By Gift Phiri
President Emmerson Mnangagwa’s close protection will be drastically tightened following a botched “attempted assassination” of the head of State at a rally in Bulawayo, the Zimbabwe Defence Forces has said.
This comes as it emerges Mnangagwa’s protection was so defective that it dangerously increased the likelihood that a murder plan involving one or more assassins would succeed.
The fundamental lapse in Mnangagwa’s protective security was seen in failure to conduct a thorough prior inspection of the White City Stadium and the people attending the rally, allowing Mnangagwa and his two deputies Constantino Chiwenga, Kembo Mohadi to leave the rally together, and failure to deploy counter-assault strategies that allowed the attacker to get away.
Zimbabwe Defence Forces (ZDF) spokesperson Colonel Overson Mugwisi told a news conference yesterday that they will carry out an immediate and in-depth review of Mnangagwa’s security.
“Normally when such incidents take place, that calls obviously for a review of the security with a view of improving them. That is certainly going to be done,” Mugwisi said.
While the protection of the president has primarily been the autonomous duty of the Police Protection Unit (PPU), this role was delegated to the Presidential Guard that is under the army after the fall of Robert Mugabe.
Even Mnangagwa’s Presidential Aide De Camp (ADC) is now from the army, not the police as was the previous case, with an inter-agency security arrangement now surrounding him.
The Daily News understands that due to the nature of political campaigns and given Mnangagwa’s tremendous exposure to the public — not just on stage, behind the podium but also as he works the crowd, shaking hands, kissing babies and talking to voters — elaborate security measures are being put in place, with advance officers set to be supplemented by teams of extra agents to help secure sites; dog handlers and explosive ordnance disposal technicians to check for explosive devices; and uniformed officers to help control access to sites, man metal detectors and provide counter-sniper support, authoritative security sources said.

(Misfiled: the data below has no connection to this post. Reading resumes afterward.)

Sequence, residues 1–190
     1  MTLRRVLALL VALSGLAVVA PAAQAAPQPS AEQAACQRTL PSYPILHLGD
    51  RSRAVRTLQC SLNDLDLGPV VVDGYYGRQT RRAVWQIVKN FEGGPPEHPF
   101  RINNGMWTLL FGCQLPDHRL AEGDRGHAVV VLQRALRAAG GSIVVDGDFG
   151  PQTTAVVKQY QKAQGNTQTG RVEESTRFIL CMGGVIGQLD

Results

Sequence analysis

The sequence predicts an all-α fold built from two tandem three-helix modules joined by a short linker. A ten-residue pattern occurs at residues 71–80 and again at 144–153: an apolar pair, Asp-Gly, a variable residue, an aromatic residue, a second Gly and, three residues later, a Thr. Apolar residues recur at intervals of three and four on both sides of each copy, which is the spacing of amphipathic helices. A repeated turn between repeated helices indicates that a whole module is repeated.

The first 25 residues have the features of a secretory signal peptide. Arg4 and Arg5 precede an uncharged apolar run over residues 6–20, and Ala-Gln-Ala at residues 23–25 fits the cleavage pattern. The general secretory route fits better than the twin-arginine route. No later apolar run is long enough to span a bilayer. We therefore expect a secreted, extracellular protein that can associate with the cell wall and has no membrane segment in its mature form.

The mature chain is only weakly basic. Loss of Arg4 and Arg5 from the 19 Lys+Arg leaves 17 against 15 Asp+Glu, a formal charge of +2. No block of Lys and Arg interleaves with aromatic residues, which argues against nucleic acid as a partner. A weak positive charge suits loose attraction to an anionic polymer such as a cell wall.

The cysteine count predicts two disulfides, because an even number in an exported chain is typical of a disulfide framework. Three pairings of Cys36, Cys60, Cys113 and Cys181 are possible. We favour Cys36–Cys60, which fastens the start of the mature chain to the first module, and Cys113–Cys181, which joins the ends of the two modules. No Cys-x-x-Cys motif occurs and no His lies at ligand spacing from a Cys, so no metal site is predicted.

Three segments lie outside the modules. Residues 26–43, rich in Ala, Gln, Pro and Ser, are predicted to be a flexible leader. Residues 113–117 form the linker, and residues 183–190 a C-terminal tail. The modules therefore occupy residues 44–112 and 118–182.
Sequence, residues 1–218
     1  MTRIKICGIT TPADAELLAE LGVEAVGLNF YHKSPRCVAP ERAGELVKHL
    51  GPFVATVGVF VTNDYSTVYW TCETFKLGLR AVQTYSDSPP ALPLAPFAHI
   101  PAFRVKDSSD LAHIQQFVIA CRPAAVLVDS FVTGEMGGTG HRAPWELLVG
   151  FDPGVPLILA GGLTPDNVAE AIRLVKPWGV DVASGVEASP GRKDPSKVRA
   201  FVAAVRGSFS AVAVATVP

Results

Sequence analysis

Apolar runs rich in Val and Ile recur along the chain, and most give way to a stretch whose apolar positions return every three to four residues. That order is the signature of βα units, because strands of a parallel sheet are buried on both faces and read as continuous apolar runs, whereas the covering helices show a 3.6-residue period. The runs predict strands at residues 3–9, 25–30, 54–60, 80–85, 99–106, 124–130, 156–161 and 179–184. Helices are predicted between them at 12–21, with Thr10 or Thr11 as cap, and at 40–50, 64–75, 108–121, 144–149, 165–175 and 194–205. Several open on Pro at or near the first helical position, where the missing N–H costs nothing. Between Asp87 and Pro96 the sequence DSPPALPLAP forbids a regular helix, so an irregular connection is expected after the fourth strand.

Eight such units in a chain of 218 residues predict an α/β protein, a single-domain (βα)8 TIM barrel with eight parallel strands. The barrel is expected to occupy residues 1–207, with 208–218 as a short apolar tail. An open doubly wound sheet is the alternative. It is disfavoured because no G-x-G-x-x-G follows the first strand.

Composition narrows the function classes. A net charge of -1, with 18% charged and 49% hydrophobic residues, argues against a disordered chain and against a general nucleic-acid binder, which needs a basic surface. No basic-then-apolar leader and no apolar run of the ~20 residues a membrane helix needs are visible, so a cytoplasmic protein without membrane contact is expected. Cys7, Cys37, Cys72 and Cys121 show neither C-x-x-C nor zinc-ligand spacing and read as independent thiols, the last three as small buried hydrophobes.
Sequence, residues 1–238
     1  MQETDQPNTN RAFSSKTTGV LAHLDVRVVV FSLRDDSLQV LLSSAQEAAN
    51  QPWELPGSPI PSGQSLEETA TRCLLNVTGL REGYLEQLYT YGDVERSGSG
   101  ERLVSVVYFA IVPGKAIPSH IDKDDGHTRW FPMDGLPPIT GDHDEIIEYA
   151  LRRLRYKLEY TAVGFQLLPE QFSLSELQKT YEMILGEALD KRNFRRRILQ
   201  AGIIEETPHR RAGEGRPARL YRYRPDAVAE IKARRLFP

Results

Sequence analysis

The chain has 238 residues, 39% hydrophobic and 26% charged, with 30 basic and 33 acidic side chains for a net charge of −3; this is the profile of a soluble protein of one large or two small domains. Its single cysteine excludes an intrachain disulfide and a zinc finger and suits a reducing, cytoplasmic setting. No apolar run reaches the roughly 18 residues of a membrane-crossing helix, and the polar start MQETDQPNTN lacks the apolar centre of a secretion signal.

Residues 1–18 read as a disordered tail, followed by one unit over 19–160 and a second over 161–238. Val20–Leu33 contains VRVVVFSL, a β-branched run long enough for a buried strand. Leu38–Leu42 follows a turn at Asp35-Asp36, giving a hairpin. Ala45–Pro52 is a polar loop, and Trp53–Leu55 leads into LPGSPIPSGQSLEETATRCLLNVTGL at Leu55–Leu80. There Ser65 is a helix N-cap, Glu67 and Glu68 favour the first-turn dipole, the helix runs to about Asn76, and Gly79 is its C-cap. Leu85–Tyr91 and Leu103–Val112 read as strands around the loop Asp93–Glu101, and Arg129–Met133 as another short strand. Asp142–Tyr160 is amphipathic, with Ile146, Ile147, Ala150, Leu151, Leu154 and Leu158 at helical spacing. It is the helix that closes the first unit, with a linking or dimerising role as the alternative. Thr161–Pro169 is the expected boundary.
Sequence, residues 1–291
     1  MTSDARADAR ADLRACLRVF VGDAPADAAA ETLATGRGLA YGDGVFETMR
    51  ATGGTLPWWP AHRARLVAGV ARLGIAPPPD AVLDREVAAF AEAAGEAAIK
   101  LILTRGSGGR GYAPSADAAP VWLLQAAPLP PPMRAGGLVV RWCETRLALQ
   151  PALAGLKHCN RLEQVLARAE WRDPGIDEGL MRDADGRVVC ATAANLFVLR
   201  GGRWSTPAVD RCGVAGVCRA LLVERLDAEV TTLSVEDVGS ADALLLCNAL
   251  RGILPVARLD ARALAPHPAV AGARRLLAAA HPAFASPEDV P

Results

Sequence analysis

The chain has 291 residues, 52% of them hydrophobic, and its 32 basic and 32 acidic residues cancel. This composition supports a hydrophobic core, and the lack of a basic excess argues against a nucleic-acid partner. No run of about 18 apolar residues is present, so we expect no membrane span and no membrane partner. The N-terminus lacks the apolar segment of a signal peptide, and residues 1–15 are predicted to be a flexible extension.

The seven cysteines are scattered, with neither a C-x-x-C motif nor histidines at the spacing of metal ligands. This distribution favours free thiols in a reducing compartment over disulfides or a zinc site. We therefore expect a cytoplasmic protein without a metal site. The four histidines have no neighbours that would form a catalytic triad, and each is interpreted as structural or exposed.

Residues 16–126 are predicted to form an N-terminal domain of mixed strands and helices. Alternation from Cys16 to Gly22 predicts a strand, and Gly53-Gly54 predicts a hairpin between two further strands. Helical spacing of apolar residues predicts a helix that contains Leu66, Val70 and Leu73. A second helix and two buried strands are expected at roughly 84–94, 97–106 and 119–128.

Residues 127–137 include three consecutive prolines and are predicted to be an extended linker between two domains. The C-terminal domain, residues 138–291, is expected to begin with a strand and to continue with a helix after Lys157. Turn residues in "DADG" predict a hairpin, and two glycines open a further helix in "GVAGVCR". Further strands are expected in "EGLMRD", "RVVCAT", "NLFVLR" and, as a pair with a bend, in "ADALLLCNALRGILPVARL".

Two suspects were picked up last Friday as the security agents intensified their search for leads into what has been widely viewed as an assassination attempt on the life of the president.
The suspects, Douglas Musekiwa and John Zulu, whose ages were not given, appeared at Western Commonage Magistrate Courts in camera on Saturday where the police successfully applied for a warrant of further detention.
Since then, the whereabouts of the two has remained unknown amid speculation that the suspects were released from custody.
Mnangagwa has said he suspects a group linked to the former first lady Grace Mugabe was behind an attempt on his life. When the bomb went off, Grace was visiting Singapore, where her husband was receiving medical treatment. They arrived back home on Tuesday.
NKC African Economics analyst Gary van Staden said there was need to beef up Mnangagwa’s security.
“Whatever the motives and agenda, the incident provides a welcome wake-up call to Mr Mnangagwa’s security detail to rein in their charge and limit unscheduled and unsecured stops at friends’ chicken outlets, for example, and take better care at rallies and other public engagements,” Van Staden said.
Stephen Chan, a professor of world politics at the School of Oriental and African Studies at the University of London also said it does seem that Mnangagwa’s security arrangements were casual and need to be tightened.
“If a modern shrapnel-laden device had been used, everyone would have been dead in one fell swoop,” he said. Daily News